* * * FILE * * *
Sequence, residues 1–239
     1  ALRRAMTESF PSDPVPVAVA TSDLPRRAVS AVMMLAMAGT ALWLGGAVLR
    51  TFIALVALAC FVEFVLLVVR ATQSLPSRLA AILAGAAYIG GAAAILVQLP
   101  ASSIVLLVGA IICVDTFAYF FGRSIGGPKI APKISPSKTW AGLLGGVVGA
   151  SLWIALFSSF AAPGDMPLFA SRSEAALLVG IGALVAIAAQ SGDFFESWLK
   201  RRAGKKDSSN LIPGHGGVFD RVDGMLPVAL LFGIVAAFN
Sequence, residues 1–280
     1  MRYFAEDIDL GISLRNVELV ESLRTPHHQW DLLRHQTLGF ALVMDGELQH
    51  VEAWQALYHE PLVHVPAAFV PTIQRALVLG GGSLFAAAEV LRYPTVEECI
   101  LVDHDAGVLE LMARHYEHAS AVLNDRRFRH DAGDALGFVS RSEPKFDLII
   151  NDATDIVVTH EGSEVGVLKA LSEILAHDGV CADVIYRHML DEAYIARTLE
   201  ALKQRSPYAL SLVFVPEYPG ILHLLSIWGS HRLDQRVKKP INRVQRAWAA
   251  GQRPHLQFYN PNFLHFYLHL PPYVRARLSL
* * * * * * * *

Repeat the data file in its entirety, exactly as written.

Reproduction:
Sequence, residues 1–239
     1  ALRRAMTESF PSDPVPVAVA TSDLPRRAVS AVMMLAMAGT ALWLGGAVLR
    51  TFIALVALAC FVEFVLLVVR ATQSLPSRLA AILAGAAYIG GAAAILVQLP
   101  ASSIVLLVGA IICVDTFAYF FGRSIGGPKI APKISPSKTW AGLLGGVVGA
   151  SLWIALFSSF AAPGDMPLFA SRSEAALLVG IGALVAIAAQ SGDFFESWLK
   201  RRAGKKDSSN LIPGHGGVFD RVDGMLPVAL LFGIVAAFN
Sequence, residues 1–280
     1  MRYFAEDIDL GISLRNVELV ESLRTPHHQW DLLRHQTLGF ALVMDGELQH
    51  VEAWQALYHE PLVHVPAAFV PTIQRALVLG GGSLFAAAEV LRYPTVEECI
   101  LVDHDAGVLE LMARHYEHAS AVLNDRRFRH DAGDALGFVS RSEPKFDLII
   151  NDATDIVVTH EGSEVGVLKA LSEILAHDGV CADVIYRHML DEAYIARTLE
   201  ALKQRSPYAL SLVFVPEYPG ILHLLSIWGS HRLDQRVKKP INRVQRAWAA
   251  GQRPHLQFYN PNFLHFYLHL PPYVRARLSL